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  B-24J-1-CO "Baby Sandy 2" Serial Number 42-73013  
7th AF
11th BG
431st BS

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IJN December 31, 1943

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Rita Haddock 2000
Pilot  1st Lt. Ivan M. Osborne, O-662817 (MIA / KIA) Bakersfield, CA
Co-Pilot  1st Lt. Raymond D. Cloyer, O-728059 (MIA / KIA) IL
Navigator  2nd Lt. Virgil A. Tramelli, O-2845295 (POW, executed, MIA) MO
Bombardier  1st Lt. Maxie G. Deer Jr., O-728260 (POW, executed, MIA) AL
Engineer  TSgt Edward J. Bislew, 16047634 (POW, executed, MIA) WI
Asst Eng  Pvt Williston F. Rumsey, 20275475 (POW, executed, MIA) NY
Radio  TSgt Joseph J. Perry, 32162027 (POW, executed, MIA) PA
Asst Radio  SSgt John J. Dell, 33261245 (POW, executed, MIA) PA
Gunner  SSgt Warren C. Hill, 13029683 (POW, executed, MIA) Lehighton, PA
Gunner  SSgt Hulbert J. Swaim, 35400152 (POW, executed, MIA) OH
Ditched  December 29, 1943 at 12:01pm
MACR  1627

Aircraft History
Built by Consolidated at San Diego. Delivered to the U.S. Army Air Force (USAAF) as B-24J-1-CO Liberator serial number 42-73013. Ferried overseas via Hickam Field to the Central Pacific.

Wartime History
Assigned to the 7th Air Force (7th AF), 11th Bombardment Group (11th BG), 431st Bombardment Squadron (431st BS). Nicknamed "Baby Sandy 2". When lost, engines R-1380-65 serial numbers 42-90212, BP-400022, 42-90075 and 42-89866. Armed with ten .50 caliber machine guns, serial numbers unknown plus two .30 caliber machine guns, serial numbers unknown.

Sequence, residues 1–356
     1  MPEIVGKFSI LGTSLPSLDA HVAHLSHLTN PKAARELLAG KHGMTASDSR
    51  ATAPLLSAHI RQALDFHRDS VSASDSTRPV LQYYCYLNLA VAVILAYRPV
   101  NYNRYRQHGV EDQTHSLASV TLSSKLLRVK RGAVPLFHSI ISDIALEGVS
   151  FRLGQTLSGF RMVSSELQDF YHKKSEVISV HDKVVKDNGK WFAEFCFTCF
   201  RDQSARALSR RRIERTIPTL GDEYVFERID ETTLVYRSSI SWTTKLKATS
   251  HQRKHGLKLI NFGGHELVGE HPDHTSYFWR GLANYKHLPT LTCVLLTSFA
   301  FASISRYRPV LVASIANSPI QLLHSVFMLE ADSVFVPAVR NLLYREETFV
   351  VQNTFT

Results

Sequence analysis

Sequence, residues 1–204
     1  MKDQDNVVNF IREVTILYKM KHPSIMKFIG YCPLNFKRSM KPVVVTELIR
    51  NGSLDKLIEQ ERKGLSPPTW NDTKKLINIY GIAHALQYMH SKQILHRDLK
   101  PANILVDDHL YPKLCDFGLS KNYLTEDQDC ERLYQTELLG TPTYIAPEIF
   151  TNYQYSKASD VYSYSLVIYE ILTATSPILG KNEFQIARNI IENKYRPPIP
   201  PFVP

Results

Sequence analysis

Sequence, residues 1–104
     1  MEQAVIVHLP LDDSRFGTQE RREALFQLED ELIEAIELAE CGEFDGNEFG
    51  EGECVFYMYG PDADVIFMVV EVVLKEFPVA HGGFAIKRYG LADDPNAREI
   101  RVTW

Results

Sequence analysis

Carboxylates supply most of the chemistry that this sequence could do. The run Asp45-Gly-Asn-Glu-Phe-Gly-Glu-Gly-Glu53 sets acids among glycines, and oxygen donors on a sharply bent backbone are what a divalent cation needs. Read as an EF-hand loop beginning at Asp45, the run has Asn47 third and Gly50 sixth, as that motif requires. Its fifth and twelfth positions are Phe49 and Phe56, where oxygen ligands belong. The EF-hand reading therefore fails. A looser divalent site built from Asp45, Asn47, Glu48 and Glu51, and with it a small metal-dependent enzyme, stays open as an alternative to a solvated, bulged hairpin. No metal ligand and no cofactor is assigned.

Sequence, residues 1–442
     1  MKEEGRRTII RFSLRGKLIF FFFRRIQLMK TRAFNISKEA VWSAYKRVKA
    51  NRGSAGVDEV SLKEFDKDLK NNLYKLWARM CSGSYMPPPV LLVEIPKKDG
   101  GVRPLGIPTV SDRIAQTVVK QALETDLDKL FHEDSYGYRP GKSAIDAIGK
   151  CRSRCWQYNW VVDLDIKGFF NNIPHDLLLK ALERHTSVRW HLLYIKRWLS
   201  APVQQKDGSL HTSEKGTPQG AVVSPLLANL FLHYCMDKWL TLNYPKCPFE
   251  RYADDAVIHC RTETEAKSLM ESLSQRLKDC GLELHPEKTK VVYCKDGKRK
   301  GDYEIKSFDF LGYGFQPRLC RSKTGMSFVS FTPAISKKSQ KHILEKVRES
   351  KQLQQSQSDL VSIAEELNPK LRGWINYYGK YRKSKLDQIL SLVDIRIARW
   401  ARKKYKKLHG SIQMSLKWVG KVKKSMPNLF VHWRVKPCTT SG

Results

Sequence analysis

Mission History
On December 29, 1943 took off from Tarawa Airfield (Hawkins) piloted by 1st Lt. Ivan M. Osborne on a bombing mission against Taroa Airfield. The weather was good. After releasing their bombs, the formation was attacked by over thirty A6M Zeros.

Damaged, this B-24 was observed to have a large 8" hole in the fuselage and right stabilizer, plus a 6" hold in the left upper No. 2 engine nacelle, causing the No. 2 engine to begin throwing oil and smoking, followed by the No. 3 engine. Later, the No. 1 engine also began to smoke and the bomber began loosing altitude and broke away from the formation and began flying towards Majuro Atoll. Each propeller was spinning, but must have not been generating much power or were unable to be feathered.

Two B-24s in the formation: B-24 piloted by 2nd Lt. Donald H. Joyce and B-24J 42-73006 piloted by 2nd Lt. Harvey I. Lundy escorted the damaged bomber. They were required to use half flaps to match the damaged bomber's airspeed of roughly 130 mph.

Over Majuro Atoll, pilot Osborne made a "U" turn into the wind in preparation for ditching. At this time, the No. 2 engine was feathered or had stopped turning. This B-24 made a perfect water landing onto the west reef between Majuro Island and Ajola Island at 12:01pm. Two Zero followed the B-24s to Majuro (Laura). Spotting the ditched bomber, two Zeros dove down to strafe the bomber, until driven off by the orbiting B-24s.